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Earth Week at Villanova

In celebration of the 50th anniversary, this mini exhibit illustrates how Villanova University has participated in the first Earth Day and other activities on campus to advocate for environmental changes over the years. All the material presented are from the University Archives.

Inspired by the burning Cuyahoga River in Cleveland and the Santa Barbara Oil Spill in 1969, Senator Gaylord Nelson spearheaded the creation of Earth Day as a way to force environmental protections onto the national agenda. Philadelphia was the first city to host Earth Day back in 1970. Though Earth Day is celebrated as a single day, the first formation was an entire week held April 16-22, 1970. Earth Week was organized by community leaders, local faculty, and a group of graduate students from University of Pennsylvania's School of Design. The Earth Week committee brought in speakers like Urban Planner and author Lewis Mumford;   Harvard Biochemist, George Wald; climatologist, Helmet Landsberg; Dune writer, Frank Herbert; consumer protection activist, Ralph Nader; and poet, Allen Ginsberg. Along with speakers, multiple concerts and activities were held throughout the city.

Momentum of Earth Week led to the formation of the Environmental Protection Agency that summer by special executive order to regulate and enforce national pollution legislation. Earth Day has also led to the the passage of the Clean Water and Endangered Species Acts. 



Villanovan, Vol. 45. No. 24, April 8, 1970.

At the time, David Powell was a University of Pennsylvania student and designed the button for the Philadelphia Earth Week Committee. The buttons were produced locally. Earth Week buttons can be found at the Smithsonian Institute today.


"FREAK WEEK," Villanovan. Vol. 45. No. 24, April 8, 1970.

Events and activities of the week expanded beyond Philadelphia as Villanova University hosted activities for Earth Week. Concerns of the day for Villanova community was population and urban congestion, air pollution, ocean pollution, transportation safety, and nuclear power. Notable figures like Paul R. Ehrlich, Ralph Nader, and Allen Ginsberg spoke on campus during the week. Concurrent to the national discourse around the environmental issues, Villanova  proposed introducing an environmental program to the College of Arts and Sciences.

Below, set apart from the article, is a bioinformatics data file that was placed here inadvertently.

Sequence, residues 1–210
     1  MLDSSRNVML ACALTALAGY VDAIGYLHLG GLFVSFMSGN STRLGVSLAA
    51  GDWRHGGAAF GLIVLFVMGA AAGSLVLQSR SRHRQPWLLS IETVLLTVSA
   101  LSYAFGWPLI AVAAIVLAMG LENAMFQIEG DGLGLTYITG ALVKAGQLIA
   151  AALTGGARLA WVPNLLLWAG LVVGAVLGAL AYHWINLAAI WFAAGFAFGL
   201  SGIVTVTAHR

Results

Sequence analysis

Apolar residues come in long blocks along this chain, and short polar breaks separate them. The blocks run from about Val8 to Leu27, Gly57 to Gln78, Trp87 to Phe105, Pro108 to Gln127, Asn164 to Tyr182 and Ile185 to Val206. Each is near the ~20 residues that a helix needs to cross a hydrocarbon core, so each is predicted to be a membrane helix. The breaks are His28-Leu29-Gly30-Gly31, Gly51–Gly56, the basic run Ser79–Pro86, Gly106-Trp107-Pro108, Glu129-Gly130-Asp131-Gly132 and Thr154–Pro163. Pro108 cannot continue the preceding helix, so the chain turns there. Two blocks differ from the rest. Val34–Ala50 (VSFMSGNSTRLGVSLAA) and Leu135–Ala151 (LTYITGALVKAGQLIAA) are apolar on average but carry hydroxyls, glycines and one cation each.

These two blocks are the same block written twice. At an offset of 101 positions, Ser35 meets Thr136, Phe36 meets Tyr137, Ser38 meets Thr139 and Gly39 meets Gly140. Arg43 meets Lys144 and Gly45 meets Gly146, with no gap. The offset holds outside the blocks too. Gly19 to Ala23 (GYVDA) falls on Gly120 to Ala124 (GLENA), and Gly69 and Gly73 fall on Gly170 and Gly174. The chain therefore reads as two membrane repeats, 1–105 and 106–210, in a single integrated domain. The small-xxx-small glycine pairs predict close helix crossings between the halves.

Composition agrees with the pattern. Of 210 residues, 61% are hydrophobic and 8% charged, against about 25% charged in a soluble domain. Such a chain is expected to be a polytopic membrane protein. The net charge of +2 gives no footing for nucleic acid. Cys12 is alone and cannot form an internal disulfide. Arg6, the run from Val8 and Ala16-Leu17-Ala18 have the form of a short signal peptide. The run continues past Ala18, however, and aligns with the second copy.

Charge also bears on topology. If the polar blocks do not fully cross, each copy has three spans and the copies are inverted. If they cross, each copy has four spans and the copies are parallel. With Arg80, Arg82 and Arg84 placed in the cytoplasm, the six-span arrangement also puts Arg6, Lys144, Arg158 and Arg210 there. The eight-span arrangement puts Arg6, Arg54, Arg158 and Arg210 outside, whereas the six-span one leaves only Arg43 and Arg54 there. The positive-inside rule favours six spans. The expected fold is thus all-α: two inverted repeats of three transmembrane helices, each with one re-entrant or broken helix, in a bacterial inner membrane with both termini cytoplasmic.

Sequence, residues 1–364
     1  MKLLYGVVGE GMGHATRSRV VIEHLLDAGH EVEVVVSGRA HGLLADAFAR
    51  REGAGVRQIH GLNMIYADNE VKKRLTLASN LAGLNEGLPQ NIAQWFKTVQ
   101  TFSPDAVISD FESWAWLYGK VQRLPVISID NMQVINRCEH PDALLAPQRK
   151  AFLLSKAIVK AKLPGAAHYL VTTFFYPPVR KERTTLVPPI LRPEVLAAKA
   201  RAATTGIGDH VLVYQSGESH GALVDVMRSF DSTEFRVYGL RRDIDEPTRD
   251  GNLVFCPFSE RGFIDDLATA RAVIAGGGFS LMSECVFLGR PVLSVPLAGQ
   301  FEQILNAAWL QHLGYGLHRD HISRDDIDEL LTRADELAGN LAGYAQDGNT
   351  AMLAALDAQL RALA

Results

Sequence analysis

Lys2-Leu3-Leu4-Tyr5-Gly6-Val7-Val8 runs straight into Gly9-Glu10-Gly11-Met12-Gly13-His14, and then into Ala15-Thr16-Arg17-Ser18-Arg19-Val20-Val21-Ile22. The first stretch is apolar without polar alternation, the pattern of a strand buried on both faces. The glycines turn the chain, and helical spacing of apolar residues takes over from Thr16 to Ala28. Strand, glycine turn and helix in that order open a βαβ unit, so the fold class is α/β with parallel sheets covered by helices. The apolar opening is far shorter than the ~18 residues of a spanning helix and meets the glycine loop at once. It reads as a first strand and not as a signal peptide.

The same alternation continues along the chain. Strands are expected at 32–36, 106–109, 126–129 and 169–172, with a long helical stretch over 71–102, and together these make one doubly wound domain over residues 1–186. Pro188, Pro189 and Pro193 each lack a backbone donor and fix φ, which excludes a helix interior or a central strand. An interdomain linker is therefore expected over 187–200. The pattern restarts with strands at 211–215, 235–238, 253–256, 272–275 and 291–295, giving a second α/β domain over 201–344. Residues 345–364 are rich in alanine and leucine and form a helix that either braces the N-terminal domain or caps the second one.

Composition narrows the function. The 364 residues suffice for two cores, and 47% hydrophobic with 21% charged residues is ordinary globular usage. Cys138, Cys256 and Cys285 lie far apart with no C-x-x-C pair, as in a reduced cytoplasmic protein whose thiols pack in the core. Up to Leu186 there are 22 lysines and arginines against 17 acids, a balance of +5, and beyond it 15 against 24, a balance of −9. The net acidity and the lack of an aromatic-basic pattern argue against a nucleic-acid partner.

regional activities.PNG  earthweekhere.PNGallen ginsberg.PNG

Villanovan, Vol. 45. No. 24, April 6, 1970.

The issue includes a special spring issue regarding Earth Week on campus. Includes campus and local schedules, local environmental hotlines, excerpts from The Population Bomb, by Paul R. Ehrlich, interviews, and articles about the environmental issues of the day.

Over the years, Earth Day has emerged as annual event on campus with lectures, live music, food, games, and collaboration with student groups to raise awareness about environmental issues. Events have been organized by Villanova Environmental Group (VEG) since the 1980s, which still exists today. 



Villanovan, Vol. 70. No. 20, April 21, 1995.

Villanovan, Vol. 65. No. 9, November 17, 1989.

Villanovan, Vol. 70. No. 17, March 24, 1995.

"Give a Hoot, Don't Pollute," Villanovan. Vol. 47, No. 12, December 8, 1971.

Protest signing

Images from the Climate Strike March 15th, 2019.


The climate strike on campus was just one among many occurring across over seventy countries on March 15th, 2019. The climate strike was inspired by the call to action by Greta Thunberg, who has been recently nominated for a Nobel Peace Prize for her climate activism. Participants in the University’s strike gathered for a peaceful demonstration at the Oreo, with their own homemade signs and large banners were available to for everyone to write on. The demonstration started with student speakers Gracie Stagliano and Yvonne Nguyen followed by a group march to the office of University President Rev. Peter M. Donohue, O.S.A., Ph.D. to present him with two demands:

1. Move the University’s carbon-neutral pledge date up to 2030

2. Enter into a power purchase agreement for renewable energy by 2020


NovaStories: Climate Strike Interview

The audio recording is a short interview with the organizers Caroline Stagliano, Maeve Kavanagh, and Corina Scott discussing organizing the climate strike. Includes background information detailed by Thomas Dorrance, '21.

Climate Strike Interview
Recorded April 24th, 2019


#MAKENOVANEUTRAL poster used during the demonstration.

Curated by Beaudry Rae Allen, Preservation & Digital Archivist

Published April 2020

For more information check out our Villanova Digital Library or contact the University Archives.

A special thank you to Dr. Whitney Martinko for reaching out to the archives asking about Villanova's participation with Earth Week and Luisa Cywinski, Director of Access Services, for the discovery of the 1970 Earth Week schedule.